Ships’ Figureheads Revealed

September 2021

David Pulvertaft’s unknown figurehead discussed in the podcast.

In this episode we explore the fascinating history of ships’ figureheads. Why did shipbuilders begin to place carvings of humans and animals on the bows of their ships in the sixteenth century? And why did this practice stop 300 years later? Dr Sam Willis meets Rear Admiral David Pulvertaft, an expert on figureheads, to find our more about these remarkable carvings and to consider a number of examples that exist worldwide.

To go alongside this episode we have created an extraordinary video using artificial intelligence and digital artistry to bring the figureheads to life, showing the real people that inspired the carvers.

This has been a bit of a hit and miss process with a number of failures but we have had success with eleven – and they are fabulous. When the known examples of figureheads are considered as a whole it is immediately striking how diverse are the people depicted. Although the societies that made these figureheads were dominated by white men, the figureheads show a huge range of people – both men and women and from a huge variety of indigenous populations. One of the impacts of this is a powerful reminder of the colonial activities that many of these ships would have taken part in including the buying and selling of humans in the slave trade and the appropriation of vast tracts of land occupied by indigenous peoples.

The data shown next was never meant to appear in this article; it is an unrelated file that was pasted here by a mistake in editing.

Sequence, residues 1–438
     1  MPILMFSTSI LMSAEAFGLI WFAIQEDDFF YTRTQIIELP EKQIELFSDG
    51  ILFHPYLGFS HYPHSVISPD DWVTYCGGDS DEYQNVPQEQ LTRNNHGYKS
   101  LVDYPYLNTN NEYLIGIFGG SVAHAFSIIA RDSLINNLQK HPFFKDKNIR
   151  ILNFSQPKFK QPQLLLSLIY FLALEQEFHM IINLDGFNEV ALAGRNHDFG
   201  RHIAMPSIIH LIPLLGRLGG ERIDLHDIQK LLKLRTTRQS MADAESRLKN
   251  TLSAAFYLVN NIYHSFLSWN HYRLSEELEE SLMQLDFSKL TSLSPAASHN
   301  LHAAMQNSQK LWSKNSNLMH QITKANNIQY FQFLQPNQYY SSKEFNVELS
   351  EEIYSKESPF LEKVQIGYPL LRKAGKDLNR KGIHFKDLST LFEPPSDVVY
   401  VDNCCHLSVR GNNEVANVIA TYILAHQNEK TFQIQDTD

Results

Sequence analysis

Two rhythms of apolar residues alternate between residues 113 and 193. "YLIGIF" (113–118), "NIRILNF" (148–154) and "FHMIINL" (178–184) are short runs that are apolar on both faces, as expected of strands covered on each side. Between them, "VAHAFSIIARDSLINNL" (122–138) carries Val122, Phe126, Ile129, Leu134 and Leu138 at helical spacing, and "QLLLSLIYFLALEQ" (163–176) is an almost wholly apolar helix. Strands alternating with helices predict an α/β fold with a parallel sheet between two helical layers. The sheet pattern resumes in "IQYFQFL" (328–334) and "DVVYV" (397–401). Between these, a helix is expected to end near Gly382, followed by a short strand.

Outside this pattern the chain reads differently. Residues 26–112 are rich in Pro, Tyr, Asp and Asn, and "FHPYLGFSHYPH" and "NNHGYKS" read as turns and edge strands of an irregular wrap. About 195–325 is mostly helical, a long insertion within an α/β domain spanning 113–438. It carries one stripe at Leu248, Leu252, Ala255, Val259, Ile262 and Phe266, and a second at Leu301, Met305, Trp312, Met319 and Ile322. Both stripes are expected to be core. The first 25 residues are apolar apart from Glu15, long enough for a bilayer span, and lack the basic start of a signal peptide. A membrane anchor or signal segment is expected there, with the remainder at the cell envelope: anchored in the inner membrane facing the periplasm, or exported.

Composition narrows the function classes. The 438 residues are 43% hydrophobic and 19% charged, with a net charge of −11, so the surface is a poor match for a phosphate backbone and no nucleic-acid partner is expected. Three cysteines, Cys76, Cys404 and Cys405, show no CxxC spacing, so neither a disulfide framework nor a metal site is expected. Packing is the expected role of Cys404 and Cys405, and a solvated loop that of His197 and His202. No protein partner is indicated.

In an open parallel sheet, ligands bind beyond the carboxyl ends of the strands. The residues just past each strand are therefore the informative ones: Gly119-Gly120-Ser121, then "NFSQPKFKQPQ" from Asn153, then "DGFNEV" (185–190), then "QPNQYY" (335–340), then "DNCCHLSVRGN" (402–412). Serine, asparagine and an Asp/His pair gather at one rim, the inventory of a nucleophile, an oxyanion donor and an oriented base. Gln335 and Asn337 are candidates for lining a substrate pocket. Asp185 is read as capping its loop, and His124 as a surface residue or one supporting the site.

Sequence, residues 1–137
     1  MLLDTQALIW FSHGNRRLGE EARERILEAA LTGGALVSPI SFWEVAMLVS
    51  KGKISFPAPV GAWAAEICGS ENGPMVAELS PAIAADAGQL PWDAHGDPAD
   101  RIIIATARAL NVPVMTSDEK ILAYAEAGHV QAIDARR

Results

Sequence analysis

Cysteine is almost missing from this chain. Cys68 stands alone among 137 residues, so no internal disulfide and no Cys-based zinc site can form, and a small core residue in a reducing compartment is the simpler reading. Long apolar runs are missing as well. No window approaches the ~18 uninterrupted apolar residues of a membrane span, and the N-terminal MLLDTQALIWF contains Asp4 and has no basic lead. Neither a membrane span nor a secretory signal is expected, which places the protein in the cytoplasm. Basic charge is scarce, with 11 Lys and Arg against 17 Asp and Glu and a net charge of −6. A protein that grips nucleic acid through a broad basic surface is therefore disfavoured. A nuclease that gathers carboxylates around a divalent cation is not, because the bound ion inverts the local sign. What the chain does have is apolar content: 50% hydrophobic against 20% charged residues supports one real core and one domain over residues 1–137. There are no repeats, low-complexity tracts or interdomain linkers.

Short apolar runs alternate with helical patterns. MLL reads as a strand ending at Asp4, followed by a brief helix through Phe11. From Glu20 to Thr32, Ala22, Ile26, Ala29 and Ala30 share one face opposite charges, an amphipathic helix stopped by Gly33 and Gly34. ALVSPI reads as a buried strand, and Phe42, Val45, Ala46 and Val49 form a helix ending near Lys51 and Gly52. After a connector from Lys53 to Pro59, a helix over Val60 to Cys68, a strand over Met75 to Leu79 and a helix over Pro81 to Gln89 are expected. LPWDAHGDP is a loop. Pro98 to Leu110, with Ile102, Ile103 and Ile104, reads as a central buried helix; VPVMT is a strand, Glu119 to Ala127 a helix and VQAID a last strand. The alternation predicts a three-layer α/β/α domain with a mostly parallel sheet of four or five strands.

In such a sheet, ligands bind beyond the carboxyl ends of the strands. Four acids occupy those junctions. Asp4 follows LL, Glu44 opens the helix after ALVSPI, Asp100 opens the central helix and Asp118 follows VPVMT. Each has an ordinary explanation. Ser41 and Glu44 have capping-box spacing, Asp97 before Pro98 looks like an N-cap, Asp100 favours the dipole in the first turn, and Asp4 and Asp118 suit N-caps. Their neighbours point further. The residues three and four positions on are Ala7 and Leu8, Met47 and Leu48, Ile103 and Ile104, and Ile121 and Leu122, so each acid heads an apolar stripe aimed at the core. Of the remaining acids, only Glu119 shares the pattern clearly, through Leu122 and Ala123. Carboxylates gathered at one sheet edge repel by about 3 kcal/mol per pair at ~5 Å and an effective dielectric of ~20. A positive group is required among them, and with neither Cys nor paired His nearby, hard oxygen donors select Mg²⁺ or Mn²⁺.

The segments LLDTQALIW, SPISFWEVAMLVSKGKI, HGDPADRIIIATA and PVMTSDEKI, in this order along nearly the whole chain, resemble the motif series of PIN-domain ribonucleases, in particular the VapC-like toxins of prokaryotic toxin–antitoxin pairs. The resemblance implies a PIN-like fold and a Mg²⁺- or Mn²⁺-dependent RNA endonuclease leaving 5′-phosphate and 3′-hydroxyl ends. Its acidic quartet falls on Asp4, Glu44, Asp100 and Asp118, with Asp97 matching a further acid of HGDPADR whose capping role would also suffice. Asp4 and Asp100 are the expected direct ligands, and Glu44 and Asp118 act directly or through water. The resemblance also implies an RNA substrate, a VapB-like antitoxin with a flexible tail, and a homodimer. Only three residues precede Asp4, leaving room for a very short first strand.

For more background please check out this excellent blog from the Lloyds Register Foundation

The gallery of figureheads below comes from the collection of the Lloyds Register Foundation